Linky Friday #37

Will Truman

Will Truman is the Editor-in-Chief of Ordinary Times. He is also on Twitter.

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25 Responses

  1. Russell M says:

    T-2 link seems wrongReport

  2. LeeEsq says:

    L-2, seems not to be really that right. Its just conventional wisdom. Besides the actual lack of statistics and other data, casual observation would show that L-2 is wrong. If women really did like high-status jerks more than anybody else most heterosexual men would spend their entire life single. If men really liked hot women with big boobs than most woman than most women would be perpetually single as well. There is to much dating, sex, and marriage going on in real life for L-2 to be true.

    That isn’t saying that it doesn’t have a grain of truth in it. If your looking for something casual rather than long-term, regardless of your gender and sexuality, than you are liking going to look for somebody physically appealing but at least somewhat emotionally shallow since chances of that person developing emotional attraction are low. I think that this is where the idea that women did jerks come from. Its not that necessarily true but that for most casual relationships or one night stands, an emotionally shallow person has a better chance.Report

    • Kazzy in reply to LeeEsq says:

      @leeesq ,

      Common sense only holds if people are bound by their preferences. I might prefer a woman with big boobs but if there is a limited supply and I don’t want to be single forever, I might compromise.

      If those of us who are married or in long-term committed relationships were asked, before meeting our significant others, to draft the description of a perfect mate, I am sure many of us would describe someone at least somewhat different than the person we are ultimately with. That doesn’t mean our descriptions were wrong, just that we weren’t bound by them, we weren’t exclusive to that sort of partner.Report

      • Brandon Berg in reply to Kazzy says:

        Right. Very few people actually get their first choice. The person whom one actually marries should not be taken as a Platonic embodiment of that person’s true preferences.Report

  3. L5: I’m all for calling out people with supposedly higher intelligence for their racist attitudes. For example, I’m of at least moderate intelligence, and I know the “right answers” when it comes to my suite of privileges as a straight white male, and I have a pretty good idea of how race has worked in our history, etc., but I don’t always (usually?) put that knowledge into practice when it comes to my choices.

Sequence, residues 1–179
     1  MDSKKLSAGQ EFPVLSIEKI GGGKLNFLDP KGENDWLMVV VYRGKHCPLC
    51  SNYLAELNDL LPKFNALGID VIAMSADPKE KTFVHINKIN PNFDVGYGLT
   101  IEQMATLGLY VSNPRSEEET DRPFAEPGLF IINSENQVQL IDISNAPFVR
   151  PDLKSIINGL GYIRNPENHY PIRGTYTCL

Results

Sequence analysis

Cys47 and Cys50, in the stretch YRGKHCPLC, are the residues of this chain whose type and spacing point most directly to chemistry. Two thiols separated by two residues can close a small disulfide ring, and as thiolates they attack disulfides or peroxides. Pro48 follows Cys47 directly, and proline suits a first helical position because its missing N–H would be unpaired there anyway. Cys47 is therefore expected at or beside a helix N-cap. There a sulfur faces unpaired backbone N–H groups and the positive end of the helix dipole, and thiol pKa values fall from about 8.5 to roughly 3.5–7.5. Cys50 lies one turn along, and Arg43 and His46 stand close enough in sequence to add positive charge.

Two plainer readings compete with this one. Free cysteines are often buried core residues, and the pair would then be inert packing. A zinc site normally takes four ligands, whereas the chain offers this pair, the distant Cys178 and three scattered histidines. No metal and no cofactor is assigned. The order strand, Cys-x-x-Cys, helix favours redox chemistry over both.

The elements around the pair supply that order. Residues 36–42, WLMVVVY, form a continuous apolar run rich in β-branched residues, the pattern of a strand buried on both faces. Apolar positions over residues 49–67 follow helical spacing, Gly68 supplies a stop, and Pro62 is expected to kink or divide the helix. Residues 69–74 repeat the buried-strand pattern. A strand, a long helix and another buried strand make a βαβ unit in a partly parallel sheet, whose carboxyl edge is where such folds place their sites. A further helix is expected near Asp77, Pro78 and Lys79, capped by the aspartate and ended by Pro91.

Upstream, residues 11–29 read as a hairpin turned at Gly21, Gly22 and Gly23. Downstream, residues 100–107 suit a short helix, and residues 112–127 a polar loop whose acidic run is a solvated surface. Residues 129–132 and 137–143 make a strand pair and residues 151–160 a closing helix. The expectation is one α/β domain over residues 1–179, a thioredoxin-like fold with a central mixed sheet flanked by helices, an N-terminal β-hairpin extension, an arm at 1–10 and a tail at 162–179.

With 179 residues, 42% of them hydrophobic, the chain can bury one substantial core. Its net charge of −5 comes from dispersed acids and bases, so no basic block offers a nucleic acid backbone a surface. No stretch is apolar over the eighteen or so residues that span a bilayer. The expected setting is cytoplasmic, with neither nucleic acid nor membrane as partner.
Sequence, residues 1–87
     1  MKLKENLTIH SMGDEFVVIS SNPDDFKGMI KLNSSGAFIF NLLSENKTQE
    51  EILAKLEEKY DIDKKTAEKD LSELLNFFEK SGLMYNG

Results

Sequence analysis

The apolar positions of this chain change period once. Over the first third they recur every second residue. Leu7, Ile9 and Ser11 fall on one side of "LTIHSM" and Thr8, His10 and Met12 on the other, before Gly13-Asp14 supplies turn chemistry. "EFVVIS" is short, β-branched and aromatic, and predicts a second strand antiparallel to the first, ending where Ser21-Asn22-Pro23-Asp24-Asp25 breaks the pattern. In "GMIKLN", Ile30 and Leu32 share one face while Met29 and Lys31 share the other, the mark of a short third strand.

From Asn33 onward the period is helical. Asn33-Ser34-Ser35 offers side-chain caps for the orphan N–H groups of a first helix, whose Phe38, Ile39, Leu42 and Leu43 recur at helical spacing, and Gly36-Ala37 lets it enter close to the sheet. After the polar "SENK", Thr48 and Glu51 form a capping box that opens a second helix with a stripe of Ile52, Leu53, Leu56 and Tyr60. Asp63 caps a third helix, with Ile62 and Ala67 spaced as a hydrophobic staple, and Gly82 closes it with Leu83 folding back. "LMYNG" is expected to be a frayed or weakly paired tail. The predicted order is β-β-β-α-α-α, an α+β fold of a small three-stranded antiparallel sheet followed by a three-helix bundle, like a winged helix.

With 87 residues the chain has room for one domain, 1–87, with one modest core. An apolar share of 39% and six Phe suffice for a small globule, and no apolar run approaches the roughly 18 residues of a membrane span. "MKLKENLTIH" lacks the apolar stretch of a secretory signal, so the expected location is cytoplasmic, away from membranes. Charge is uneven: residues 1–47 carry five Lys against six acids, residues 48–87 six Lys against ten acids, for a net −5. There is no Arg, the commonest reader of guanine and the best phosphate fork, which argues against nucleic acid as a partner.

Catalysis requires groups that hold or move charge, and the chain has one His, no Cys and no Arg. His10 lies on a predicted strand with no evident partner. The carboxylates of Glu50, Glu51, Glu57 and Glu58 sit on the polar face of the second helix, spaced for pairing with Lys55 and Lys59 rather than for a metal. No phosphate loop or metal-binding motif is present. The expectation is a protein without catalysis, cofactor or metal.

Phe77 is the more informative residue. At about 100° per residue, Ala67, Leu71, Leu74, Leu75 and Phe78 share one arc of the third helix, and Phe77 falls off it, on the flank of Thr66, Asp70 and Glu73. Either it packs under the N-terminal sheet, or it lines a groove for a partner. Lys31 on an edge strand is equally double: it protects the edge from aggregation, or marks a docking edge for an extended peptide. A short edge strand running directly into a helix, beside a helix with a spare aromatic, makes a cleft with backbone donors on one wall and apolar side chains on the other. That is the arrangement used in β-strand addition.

But that article seems to miss some of the point. Opposition to some remedial measures can be based on motivations other than racism. One of the examples the article uses is busing, which at least in memory, seems to have a very rocky history. (I’m open to the possibility that many, maybe even a majority of, busing schemes were actually positive, and the big examples, e.g., Boston, were just outliers….I haven’t studied the issue at all.)

    Also, I wonder how much the study in question controls for social class. The article summarizing the study says researchers used certain tests to gauge the respondents verbal intelligence, but it’s hard to know, from that, whether one’s social class affected their performance.Report

    • LeeEsq in reply to Pierre Corneille says:

      Pierre, I find that opposition to remedial measures for racism are never anything that remotely could be described as good even if they aren’t racist. They usually fall under some variety of FYIGM. Even if opposition to bussing wasn’t racist, it was at least based partly on wanting your own kids to go to a good school at the expense of other kids. In general, it was about not wanting your kid to go to school with Black kids. I mean they could end up dating in high school or worse, having sex with each other.Report